Stocks & Equities

Concentration in the Stock Market

Posted by Ben Carlson - A Wealth of Common Sense

on Friday, 13 July 2018 07:34

CNBC had a piece this week that looked at how top heavy returns in the stock market have been this year. They showed 3 stocks — Amazon, Netflix and Microsoft — alone make up more than 70% of the gains in the S&P 500 and Nasdaq 100 indexes:


When you include Apple, Google (I refuse to call this company Alphabet), and Facebook those numbers jump to an absurdly high 98% and 105%, respectively.

The obvious takeaway here would seem to be that 2018 market returns (around 5% for the S&P and 14% for the Nasdaq 100) are all being driven by a handful of names. And if that handful of stocks ever come back down to earth, which they’ve been wont to do on occasion, watch out below.

The simplest explanation for these staggering numbers is the fact that this is how market capitalization weighted indexes work. By definition, the largest stocks will have a bigger impact on the returns than the smaller stocks.

For instance, Amazon has added nearly $285 billion in market cap this year alone. This number is insane when you consider Amazon’s entire market cap was $285 billion in April of 2016. That $285 billion gain this year is the same size as the total combined market cap of the 40 smallest stocks in the S&P 500.

Many of the names in that list of the 40 smallest stocks by market cap have had good returns this year:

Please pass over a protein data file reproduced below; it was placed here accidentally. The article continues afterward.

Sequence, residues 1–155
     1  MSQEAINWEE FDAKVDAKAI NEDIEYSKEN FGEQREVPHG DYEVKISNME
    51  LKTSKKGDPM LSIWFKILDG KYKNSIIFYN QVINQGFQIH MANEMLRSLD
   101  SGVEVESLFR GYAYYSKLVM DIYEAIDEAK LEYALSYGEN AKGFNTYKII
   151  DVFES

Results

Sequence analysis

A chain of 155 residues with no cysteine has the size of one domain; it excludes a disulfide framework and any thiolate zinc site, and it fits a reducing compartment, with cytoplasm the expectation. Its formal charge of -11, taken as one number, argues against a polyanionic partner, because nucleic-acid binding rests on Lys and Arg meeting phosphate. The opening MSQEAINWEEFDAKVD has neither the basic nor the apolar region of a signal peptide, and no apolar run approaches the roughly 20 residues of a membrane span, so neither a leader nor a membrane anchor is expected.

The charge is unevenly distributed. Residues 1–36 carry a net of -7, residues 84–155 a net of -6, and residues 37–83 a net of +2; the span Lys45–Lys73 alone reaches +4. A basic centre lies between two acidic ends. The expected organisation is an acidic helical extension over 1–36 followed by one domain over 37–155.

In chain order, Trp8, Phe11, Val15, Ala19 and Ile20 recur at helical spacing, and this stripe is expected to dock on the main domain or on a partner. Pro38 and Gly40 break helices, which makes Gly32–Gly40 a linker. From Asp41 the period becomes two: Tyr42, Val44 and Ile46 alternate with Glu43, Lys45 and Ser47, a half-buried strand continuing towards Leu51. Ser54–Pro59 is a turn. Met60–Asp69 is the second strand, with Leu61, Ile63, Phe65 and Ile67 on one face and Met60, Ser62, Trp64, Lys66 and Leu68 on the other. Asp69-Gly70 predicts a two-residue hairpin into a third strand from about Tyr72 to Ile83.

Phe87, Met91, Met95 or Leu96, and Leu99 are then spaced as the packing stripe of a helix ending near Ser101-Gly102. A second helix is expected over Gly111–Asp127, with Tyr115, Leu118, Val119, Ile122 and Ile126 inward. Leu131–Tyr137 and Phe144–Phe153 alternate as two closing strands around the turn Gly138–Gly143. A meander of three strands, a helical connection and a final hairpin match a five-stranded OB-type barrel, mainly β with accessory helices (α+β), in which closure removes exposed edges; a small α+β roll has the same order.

• TripAdvisor +70%
  • Robert Half International +21%
  • Envision Healthcare +29%
  • AES Corp +23%
  • Nordstrom +14%


But those stocks aren’t going to move the needle as much as Amazon or Microsoft or Apple because they don’t carry the same weights as the large tech stocks.

It would also be more concerning that the gains were so concentrated at the top if the S&P 500 was the only thing going up this year. Spoiler alert — it’s not.

Small cap stocks are up around 10% in 2018. Mid caps have risen almost 6%. Micro caps, the smallest stocks in the market, making up a measly 2% of the total, are up more than 13% this year.

Another way of looking at this is the advance-decline line, which is a way to track market breadth by comparing the number of stocks rising with the number of stocks falling. Here’s the latest reading set against the S&P 500: